New HIV pill offers hope at a steep price

Gilead Sciences (GLD) has a new pill that can be used by peole who are HIV negative to ward off the virus that causes AIDS. But there’s a catch: big time sticker shock.

(Bloomberg) — Truvada is safe and effective enough as a preventative medicine, Food and Drug Administration staff concluded in a report yesterday. An advisory panel recommendation for approval, set for debate tomorrow, hinges on who would get the pill and whether patients can be educated on the importance of following through with a prescription.

Doctors say the idea is to get healthy individuals in certain high-risk groups to take a $14,000-a-year pill every day to reduce the estimated 48,000 new U.S. cases of HIV each year. Some advocates say such a medicine to prevent the virus that can be avoided with condoms may encourage unprotected sex and increase infections.

I can see how that might work script vs insurance wise for someone whose partner has HIV, but how the hell is it going to work for anyone else in a nation run by sociopathic moral scolds? Prospective customer goes to doctor and tells them they might have sex regularly (Gasp!), so prescribe this incredibly expensive drug that must be taken everyday for as long as they are sexually active? Yeah, the HMOs will love that almost as much as the religious rightards …


  1. says

    Just to be clear. Truvada isn’t “new”.

    Truvada has been on the marketplace for years. It’s a combination pill with two separate HIV medications (emtricitabine and tenofovir) that is used along with at least one other drug for the treatment of HIV disease. It’s one of the recommended “backbone” treatments from the Department of Health and Human Services (DHHS) panel on HIV therapy, and has been for years.

    It’s the use of Truvada as a preventative that’s new.

    And whether insurance companies would pay for its use probably depends on the actuarial difference between paying for a single preventative versus a three-drug combination (Truvada plus something else) and all of the other attendant medications used in HIV disease. I don’t think the insurance company knees will jerk quite that hard, and I don’t think it will be based on any reflexive anti-sex (esp. gay sex) feelings.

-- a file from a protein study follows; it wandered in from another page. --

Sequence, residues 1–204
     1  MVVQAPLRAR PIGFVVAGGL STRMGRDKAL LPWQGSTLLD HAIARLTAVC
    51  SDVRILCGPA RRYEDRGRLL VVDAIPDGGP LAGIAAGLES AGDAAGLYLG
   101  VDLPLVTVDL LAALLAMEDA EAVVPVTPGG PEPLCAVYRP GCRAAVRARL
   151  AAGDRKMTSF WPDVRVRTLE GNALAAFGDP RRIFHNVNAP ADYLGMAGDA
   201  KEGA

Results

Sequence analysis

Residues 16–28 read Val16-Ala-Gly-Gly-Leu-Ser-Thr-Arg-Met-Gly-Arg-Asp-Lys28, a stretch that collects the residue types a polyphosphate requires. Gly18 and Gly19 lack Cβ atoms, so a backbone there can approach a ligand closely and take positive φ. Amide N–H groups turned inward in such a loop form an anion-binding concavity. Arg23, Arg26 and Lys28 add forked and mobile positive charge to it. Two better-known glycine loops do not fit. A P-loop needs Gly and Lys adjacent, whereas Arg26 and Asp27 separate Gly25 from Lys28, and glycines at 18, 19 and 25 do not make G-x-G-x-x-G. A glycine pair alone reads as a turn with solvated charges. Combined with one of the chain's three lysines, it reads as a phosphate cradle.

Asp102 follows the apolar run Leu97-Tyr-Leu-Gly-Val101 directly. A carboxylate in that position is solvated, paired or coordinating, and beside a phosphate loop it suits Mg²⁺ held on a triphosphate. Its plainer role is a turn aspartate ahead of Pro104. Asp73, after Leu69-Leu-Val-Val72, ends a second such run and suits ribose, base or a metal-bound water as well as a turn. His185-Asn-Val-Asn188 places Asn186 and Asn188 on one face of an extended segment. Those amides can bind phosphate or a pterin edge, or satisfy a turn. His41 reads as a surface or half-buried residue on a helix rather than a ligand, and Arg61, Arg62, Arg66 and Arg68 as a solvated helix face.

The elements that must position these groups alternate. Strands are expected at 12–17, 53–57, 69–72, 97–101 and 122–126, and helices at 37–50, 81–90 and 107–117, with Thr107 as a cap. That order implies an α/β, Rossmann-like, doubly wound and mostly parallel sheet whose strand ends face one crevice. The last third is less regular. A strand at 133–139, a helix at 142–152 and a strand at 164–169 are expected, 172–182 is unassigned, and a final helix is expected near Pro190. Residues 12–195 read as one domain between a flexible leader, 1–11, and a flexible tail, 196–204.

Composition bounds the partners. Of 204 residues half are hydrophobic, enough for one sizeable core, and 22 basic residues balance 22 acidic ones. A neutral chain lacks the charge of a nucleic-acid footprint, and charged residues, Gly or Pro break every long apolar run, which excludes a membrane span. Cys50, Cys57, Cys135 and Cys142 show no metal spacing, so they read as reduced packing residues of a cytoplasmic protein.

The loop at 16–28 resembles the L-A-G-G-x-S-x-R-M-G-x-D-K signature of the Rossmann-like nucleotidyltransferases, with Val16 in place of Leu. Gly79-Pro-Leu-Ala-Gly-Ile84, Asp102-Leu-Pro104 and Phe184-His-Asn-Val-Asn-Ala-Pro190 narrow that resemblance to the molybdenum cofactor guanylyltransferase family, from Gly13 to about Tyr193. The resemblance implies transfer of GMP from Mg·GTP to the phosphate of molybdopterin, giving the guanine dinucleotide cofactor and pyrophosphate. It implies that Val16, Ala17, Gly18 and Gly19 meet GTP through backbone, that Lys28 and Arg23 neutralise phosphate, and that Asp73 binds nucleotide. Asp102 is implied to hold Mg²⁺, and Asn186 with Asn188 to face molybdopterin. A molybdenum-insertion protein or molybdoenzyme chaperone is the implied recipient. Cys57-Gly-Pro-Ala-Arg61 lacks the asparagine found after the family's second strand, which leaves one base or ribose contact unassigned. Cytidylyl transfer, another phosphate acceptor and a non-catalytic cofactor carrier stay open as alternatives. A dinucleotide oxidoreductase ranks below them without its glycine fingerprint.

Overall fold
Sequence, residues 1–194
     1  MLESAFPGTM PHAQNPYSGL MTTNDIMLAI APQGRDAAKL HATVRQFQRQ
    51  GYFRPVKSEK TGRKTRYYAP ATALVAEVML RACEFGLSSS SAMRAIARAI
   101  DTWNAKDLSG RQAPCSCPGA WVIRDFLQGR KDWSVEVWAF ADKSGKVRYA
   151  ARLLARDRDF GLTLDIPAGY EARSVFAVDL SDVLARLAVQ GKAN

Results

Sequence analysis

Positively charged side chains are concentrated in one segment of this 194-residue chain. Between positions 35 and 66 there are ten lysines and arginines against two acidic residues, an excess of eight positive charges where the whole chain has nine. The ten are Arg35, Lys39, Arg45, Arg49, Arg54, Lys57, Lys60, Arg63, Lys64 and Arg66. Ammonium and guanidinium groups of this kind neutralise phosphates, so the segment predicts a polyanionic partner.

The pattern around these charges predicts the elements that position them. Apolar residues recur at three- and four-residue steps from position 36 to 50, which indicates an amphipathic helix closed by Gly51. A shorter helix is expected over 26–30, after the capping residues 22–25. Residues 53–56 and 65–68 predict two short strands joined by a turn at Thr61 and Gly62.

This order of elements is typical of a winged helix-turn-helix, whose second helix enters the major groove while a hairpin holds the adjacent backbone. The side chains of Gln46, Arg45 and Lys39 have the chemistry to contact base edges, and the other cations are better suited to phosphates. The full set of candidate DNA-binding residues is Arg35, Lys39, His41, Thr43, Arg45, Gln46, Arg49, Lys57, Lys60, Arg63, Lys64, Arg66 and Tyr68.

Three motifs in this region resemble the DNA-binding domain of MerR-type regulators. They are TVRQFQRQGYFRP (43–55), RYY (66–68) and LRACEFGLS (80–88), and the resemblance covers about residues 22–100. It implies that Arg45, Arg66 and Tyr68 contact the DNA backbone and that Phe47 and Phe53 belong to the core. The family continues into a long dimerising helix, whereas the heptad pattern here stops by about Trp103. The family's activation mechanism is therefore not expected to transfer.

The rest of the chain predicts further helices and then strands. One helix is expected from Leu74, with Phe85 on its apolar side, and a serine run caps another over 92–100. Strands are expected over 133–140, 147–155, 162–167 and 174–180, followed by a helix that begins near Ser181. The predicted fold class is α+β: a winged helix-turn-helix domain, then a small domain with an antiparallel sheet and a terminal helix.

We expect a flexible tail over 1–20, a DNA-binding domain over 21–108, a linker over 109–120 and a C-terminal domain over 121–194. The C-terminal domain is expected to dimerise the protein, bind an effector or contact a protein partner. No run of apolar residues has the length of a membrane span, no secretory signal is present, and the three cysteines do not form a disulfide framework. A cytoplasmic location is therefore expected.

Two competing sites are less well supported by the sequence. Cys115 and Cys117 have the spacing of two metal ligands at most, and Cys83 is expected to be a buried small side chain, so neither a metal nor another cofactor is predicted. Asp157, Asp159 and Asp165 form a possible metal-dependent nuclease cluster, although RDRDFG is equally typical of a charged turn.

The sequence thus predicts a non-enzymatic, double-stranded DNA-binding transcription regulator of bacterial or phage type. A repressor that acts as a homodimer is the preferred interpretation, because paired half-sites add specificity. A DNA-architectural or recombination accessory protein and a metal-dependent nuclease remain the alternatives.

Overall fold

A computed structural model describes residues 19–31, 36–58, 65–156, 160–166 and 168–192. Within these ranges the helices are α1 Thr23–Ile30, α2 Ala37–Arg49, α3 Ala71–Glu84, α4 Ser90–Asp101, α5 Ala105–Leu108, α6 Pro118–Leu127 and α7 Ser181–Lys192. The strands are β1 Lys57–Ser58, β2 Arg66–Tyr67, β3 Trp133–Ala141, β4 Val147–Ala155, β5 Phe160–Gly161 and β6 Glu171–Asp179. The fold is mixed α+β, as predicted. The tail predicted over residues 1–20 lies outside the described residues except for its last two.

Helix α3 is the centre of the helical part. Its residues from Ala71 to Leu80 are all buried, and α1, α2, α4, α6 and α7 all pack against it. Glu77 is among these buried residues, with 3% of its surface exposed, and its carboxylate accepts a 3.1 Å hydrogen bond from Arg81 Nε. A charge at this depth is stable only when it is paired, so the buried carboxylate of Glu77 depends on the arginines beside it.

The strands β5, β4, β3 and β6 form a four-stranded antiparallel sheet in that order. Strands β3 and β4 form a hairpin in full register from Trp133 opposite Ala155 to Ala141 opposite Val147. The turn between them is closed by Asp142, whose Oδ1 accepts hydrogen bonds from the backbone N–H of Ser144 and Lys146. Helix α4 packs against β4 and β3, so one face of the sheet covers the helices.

As far as physicians prescribing it — well, several thousand physicians specialize in HIV medicine. So, they’re quite used to the issues of sexuality and STDs by now. Many of those physicians are — gasp! — gay. So one would assume they wouldn’t be squicked out at the thought of prescribing a prophylactic medication to prevent HIV disease in an at-risk population.

    Just sayin’. I don’t think the issue as a black-and-white as you’re portraying it.

  2. Gregory in Seattle says

    Speaking as someone who has been involved in HIV research for many years….

    Truvada is not a “new pill;” it has been on the market for 8 years. It contains two anti-retroviral drugs: tenofovir disoproxil fumarate, which has been around since 2001, and emtricitabine, which was approved for use in 2003.

    The research into pre-exposure prophylaxis (PrEP) for HIV has been going on for almost a decade, ever since the second generation of anti-retrovirals came to market. Last year’s report that established the effectiveness of this approach is the first advance in medical prophylaxis since AIDS first appeared 30 years ago: it really is the huge deal that the media has been making it out to be.

    While much of the research into PrEP was funded by Gilead Science, specifically using Truvada, there is no reason to think that Truvada, and only Truvada, have this effect: any of the drug combinations used for highly active anti-retroviral therapy (HAART) should have the exact same effect. Patents on some of the older drugs are starting to expire, which means that much less expensive generic drugs will soon be coming to market: this will drive down the cost of PrEP immensely, making it more likely that insurance companies will cover it and making the approach more viable for people without medical insurance. In addition, with PrEP now validated, there is research being done to see whether lower doses of the drugs offer a substantially similar effect. If this turns out to be the case — if we can use 2/3 of the drugs and still get 95% of the prophylaxis benefit — then the cost of PrEP drugs will be lowered even more.

    As far as who will be recommended for PrEP, that policy is still being investigated. Most likely, it will be limited to HIV- people who have an HIV+ partner and workers in situations where they might be exposed to HIV, such as EMTs and prison guards. The research into PrEP is also being referenced to improve established protocols for post-exposure prophylaxis, which tries to prevent HIV from taking hold after possible exposure, for example in rape victims and children born to HIV+ mothers.

    PrEP is NOT intended to replace other preventative measures, but to supplement them.

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